What You Need to Know About Annualised Salary Arrangements

As part of its four-yearly review of modern awards, the FWC determined that most employers who pay annualised salaries will, from 1 March 2020, need to ensure that systems and processes are in place which are compliant with the terms of new model ‘annualised wage arrangements’.

These annualised wage agreements allow for the consolidation of specified award entitlements (including minimum weekly wages, allowances, penalty rates and annual leave loading) into a fixed annual wage.

The model clauses expand employer obligations with regards to employee notification and record keeping as well as wage reconciliation with respect to employees who are paid an annualised wage or salary.

Employers are required to inform employees of the ‘outer limit’ of any penalty rate hours and overtime hours. These changes are aimed at ensuring that employees are not disadvantaged by annualised arrangements.

Notwithstanding these changes, employers can continue using annualised salary clauses or ‘off setting’ clauses in contracts of employment in preference to adopting an annualised wage arrangement.

However, for employees covered by awards with annualised salary arrangement provisions and who pay annualised wages or salaries, FWA stipulates that employers should:

  • Ensure they have systems in place to accurately record the hours worked by those employees including their actual start and finish times and the amount of unpaid break time taken, each day or shift.
  • Ensure that any annualised wage arrangements for each employee will be compliant with the relevant award.
  • Review annually, and upon termination that the employee does not receive less than they would have received under the award. Where there is a shortfall, an additional payment must made with 14 days to avoid potential underpayment penalties.

With annualised salaries the onus of proof is on employers to disprove any underpayment claims. Failure to comply with the new annualised salary arrangement provisions carries the risk of having to make back payments to current employees and past employees, as well as the possible requirement to pay penalties for award breaches.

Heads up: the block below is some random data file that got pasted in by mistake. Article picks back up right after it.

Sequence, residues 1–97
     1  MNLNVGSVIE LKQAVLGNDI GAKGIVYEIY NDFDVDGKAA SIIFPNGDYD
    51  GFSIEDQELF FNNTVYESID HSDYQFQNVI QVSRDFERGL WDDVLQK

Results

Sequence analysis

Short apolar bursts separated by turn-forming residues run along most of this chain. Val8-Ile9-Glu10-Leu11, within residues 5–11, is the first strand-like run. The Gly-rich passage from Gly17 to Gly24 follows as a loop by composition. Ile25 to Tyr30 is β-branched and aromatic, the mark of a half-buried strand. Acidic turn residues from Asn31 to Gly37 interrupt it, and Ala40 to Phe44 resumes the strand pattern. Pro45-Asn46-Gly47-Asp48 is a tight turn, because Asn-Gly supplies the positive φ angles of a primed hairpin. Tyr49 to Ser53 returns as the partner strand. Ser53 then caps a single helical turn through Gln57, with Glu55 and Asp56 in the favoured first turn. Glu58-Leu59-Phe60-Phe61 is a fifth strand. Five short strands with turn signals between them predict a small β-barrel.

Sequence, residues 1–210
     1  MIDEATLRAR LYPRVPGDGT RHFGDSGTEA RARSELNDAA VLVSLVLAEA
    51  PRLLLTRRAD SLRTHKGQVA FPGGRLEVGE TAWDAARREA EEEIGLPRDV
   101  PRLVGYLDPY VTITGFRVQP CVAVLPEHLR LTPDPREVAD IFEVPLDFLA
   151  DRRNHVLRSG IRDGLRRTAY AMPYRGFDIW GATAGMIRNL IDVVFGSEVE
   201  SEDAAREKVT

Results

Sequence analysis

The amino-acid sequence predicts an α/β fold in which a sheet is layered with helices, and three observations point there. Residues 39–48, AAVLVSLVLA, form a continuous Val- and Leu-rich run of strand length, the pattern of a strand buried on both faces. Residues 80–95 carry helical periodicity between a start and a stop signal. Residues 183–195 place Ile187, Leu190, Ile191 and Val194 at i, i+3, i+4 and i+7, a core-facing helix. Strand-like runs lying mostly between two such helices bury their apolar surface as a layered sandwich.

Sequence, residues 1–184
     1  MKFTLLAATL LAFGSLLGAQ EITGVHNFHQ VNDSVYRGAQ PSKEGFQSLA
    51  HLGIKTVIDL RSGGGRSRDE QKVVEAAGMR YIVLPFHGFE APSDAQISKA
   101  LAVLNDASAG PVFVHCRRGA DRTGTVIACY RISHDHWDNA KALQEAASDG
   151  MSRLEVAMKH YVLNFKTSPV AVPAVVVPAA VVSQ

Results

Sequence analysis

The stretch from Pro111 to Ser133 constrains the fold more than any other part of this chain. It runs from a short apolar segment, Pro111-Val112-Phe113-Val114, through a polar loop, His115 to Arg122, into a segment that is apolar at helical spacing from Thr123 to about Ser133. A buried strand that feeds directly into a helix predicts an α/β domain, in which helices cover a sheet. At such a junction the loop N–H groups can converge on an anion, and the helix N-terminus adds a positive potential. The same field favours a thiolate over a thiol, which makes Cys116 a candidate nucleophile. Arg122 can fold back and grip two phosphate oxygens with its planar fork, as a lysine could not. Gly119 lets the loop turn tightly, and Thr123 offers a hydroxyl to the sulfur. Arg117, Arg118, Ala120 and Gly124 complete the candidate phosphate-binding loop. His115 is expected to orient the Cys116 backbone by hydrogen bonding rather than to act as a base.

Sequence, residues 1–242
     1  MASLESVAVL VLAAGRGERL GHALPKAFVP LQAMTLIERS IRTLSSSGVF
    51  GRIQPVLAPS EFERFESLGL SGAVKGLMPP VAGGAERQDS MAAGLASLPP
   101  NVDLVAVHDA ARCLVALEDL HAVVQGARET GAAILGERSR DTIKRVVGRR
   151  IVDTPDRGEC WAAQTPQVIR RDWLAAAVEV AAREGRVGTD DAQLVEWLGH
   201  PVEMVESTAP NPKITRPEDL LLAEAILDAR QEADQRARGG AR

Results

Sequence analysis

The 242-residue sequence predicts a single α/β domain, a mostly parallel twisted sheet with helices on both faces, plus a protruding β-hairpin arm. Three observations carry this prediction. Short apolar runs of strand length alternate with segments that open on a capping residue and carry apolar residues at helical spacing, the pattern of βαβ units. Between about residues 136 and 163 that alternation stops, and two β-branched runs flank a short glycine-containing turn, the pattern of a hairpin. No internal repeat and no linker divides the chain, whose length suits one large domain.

Non compliance

A failure to comply with a term of a modern award can attract penalties of up to $630,000 per breach for a company. There have recently been some high profile cases with the FWO taking action against large companies for award underpayments, some of these are iconic national companies such as Coles, Woolworths and Qantas.

Risk mitigation

There a number of actions employers can take to mitigate the risk of award underpayment and non compliance, these include:

  • Mapping their workforce against the relevant award/s.
  • Monitor closely any changes to modern awards including pay rate increases and the outcome of the 4 yearly formal reviews of awards by FWA.
  • Review contracts of employment to ensure consistency with modern award terms especially relating to annualised salaries and their method of calculation.
  • Review annually, and upon termination that employee on annualised salaries do not receive less than they would have received under the award.
  • Check compliance of human resources and payroll policies, systems and processes in relation to modern awards provisions such as record keeping.

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